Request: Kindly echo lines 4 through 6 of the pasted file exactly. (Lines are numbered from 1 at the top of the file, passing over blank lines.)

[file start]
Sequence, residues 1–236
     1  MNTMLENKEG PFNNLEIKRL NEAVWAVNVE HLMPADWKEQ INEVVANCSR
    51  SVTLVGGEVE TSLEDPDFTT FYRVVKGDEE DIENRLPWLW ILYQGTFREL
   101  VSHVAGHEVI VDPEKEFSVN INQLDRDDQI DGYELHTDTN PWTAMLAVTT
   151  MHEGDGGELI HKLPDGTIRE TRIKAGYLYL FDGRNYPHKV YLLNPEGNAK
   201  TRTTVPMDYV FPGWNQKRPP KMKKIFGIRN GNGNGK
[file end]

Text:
   101  VSHVAGHEVI VDPEKEFSVN INQLDRDDQI DGYELHTDTN PWTAMLAVTT
   151  MHEGDGGELI HKLPDGTIRE TRIKAGYLYL FDGRNYPHKV YLLNPEGNAK
   201  TRTTVPMDYV FPGWNQKRPP KMKKIFGIRN GNGNGK